Be mentally and physically present

“You just have to be flexible so that when they want to talk to you, you are willing to do so. I always just put aside what I’m doing and talk to them. Sometimes they would come in and sit on the bed and talk late at night. Of course sometimes it’s impossible – if I’m in Question Time or in the middle of a speech. I guess it is similar to a surgeon operating on somebody – you can’t interrupt then – but beyond that you should never be too busy to talk to your family. That’s really what it boils down to. It’s not a terribly revolutionary theory but it seems common sense to me that if you want to tell your children that they are important the best way of doing it is to never be too busy when they want to talk to you.” – John Howard, former prime minister of Australia.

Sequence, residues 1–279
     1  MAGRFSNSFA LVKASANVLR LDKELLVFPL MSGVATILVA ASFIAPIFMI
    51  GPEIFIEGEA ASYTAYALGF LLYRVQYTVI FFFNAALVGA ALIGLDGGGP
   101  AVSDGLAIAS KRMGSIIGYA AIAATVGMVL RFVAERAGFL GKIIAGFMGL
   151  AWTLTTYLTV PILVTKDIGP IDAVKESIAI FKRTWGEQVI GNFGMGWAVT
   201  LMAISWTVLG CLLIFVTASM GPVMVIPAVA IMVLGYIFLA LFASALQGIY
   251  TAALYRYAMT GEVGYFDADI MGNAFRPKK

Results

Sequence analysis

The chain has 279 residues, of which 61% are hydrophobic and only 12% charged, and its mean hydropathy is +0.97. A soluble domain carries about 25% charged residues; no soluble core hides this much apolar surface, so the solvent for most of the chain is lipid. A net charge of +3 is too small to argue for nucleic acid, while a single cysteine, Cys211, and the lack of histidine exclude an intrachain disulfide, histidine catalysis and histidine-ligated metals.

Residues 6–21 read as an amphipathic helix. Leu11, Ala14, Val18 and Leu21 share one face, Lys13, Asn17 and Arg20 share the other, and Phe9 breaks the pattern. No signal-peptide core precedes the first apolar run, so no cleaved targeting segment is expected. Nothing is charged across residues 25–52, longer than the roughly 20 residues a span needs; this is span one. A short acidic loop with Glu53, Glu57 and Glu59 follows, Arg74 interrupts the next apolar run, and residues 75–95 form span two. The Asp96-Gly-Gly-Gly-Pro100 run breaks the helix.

• When possible interrupt what you are doing to listen to your child.
  • Find ways to ‘turn off’ work when you are home with your family.
  • By focusing on your child you are letting them know that they are the priority.


Keep track of your child’s events

Arrange your work schedule around your child’s important events whenever possible.


Encourage good fathering in your workplace

Make your workplace one that supports families.